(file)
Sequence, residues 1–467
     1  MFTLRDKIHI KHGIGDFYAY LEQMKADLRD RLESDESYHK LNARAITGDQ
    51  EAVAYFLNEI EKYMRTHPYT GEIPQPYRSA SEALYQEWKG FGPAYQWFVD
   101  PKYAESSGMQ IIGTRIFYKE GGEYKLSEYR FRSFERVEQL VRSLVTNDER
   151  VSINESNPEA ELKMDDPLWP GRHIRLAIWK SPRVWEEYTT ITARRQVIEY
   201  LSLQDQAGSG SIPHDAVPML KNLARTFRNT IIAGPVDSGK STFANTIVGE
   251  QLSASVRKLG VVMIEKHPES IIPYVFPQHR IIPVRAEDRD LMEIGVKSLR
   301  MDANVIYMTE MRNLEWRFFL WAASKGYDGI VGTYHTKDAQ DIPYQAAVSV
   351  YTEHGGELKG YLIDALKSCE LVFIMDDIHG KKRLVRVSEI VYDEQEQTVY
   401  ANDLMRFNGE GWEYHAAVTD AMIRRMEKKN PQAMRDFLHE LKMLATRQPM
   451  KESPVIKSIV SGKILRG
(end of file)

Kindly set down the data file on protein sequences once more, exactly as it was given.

Sequence, residues 1–467
     1  MFTLRDKIHI KHGIGDFYAY LEQMKADLRD RLESDESYHK LNARAITGDQ
    51  EAVAYFLNEI EKYMRTHPYT GEIPQPYRSA SEALYQEWKG FGPAYQWFVD
   101  PKYAESSGMQ IIGTRIFYKE GGEYKLSEYR FRSFERVEQL VRSLVTNDER
   151  VSINESNPEA ELKMDDPLWP GRHIRLAIWK SPRVWEEYTT ITARRQVIEY
   201  LSLQDQAGSG SIPHDAVPML KNLARTFRNT IIAGPVDSGK STFANTIVGE
   251  QLSASVRKLG VVMIEKHPES IIPYVFPQHR IIPVRAEDRD LMEIGVKSLR
   301  MDANVIYMTE MRNLEWRFFL WAASKGYDGI VGTYHTKDAQ DIPYQAAVSV
   351  YTEHGGELKG YLIDALKSCE LVFIMDDIHG KKRLVRVSEI VYDEQEQTVY
   401  ANDLMRFNGE GWEYHAAVTD AMIRRMEKKN PQAMRDFLHE LKMLATRQPM
   451  KESPVIKSIV SGKILRG